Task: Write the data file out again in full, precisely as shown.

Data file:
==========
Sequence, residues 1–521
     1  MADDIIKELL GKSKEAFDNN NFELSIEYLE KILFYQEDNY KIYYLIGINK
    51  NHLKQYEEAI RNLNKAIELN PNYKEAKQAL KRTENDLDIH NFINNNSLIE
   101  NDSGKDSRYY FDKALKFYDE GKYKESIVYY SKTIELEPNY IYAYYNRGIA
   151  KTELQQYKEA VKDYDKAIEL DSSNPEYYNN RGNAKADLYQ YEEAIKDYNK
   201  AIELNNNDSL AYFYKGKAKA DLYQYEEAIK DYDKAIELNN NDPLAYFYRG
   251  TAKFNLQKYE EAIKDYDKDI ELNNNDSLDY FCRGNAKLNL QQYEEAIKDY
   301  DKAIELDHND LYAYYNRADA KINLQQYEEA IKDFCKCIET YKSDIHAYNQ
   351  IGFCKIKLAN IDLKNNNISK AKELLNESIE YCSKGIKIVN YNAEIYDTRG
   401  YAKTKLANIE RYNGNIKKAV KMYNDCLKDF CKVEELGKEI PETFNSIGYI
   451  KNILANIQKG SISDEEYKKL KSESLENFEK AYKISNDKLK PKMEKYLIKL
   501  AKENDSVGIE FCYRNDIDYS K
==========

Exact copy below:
Sequence, residues 1–521
     1  MADDIIKELL GKSKEAFDNN NFELSIEYLE KILFYQEDNY KIYYLIGINK
    51  NHLKQYEEAI RNLNKAIELN PNYKEAKQAL KRTENDLDIH NFINNNSLIE
   101  NDSGKDSRYY FDKALKFYDE GKYKESIVYY SKTIELEPNY IYAYYNRGIA
   151  KTELQQYKEA VKDYDKAIEL DSSNPEYYNN RGNAKADLYQ YEEAIKDYNK
   201  AIELNNNDSL AYFYKGKAKA DLYQYEEAIK DYDKAIELNN NDPLAYFYRG
   251  TAKFNLQKYE EAIKDYDKDI ELNNNDSLDY FCRGNAKLNL QQYEEAIKDY
   301  DKAIELDHND LYAYYNRADA KINLQQYEEA IKDFCKCIET YKSDIHAYNQ
   351  IGFCKIKLAN IDLKNNNISK AKELLNESIE YCSKGIKIVN YNAEIYDTRG
   401  YAKTKLANIE RYNGNIKKAV KMYNDCLKDF CKVEELGKEI PETFNSIGYI
   451  KNILANIQKG SISDEEYKKL KSESLENFEK AYKISNDKLK PKMEKYLIKL
   501  AKENDSVGIE FCYRNDIDYS K